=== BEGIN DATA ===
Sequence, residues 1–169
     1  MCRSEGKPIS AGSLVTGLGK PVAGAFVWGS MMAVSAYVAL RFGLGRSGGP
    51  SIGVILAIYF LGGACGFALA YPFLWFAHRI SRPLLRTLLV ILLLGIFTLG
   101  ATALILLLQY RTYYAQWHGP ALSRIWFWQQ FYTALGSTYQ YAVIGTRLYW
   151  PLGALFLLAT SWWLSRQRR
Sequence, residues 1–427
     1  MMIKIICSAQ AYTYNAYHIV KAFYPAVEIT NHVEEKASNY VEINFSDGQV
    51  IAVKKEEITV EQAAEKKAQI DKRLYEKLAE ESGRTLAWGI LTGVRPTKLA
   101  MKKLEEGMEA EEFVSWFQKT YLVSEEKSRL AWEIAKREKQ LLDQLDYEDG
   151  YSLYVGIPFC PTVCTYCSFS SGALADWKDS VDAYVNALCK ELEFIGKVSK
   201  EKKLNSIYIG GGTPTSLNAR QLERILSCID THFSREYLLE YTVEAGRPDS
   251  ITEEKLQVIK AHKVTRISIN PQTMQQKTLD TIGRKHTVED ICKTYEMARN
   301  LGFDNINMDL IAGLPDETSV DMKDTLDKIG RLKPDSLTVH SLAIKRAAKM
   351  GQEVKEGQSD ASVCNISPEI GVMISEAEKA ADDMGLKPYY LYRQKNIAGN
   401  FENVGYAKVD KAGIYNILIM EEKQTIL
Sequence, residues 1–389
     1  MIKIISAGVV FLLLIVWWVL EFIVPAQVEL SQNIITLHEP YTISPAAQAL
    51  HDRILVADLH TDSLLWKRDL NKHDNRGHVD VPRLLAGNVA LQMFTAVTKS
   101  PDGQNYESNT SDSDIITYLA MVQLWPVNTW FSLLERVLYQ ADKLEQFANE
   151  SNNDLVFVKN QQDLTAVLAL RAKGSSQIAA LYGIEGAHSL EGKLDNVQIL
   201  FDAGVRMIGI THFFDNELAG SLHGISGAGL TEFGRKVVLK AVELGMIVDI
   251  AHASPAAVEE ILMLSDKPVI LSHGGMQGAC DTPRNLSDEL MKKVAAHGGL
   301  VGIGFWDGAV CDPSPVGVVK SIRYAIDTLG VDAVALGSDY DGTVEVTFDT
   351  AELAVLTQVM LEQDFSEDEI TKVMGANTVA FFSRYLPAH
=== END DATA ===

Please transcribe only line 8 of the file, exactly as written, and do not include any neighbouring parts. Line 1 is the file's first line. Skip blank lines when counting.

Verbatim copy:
    51  IAVKKEEITV EQAAEKKAQI DKRLYEKLAE ESGRTLAWGI LTGVRPTKLA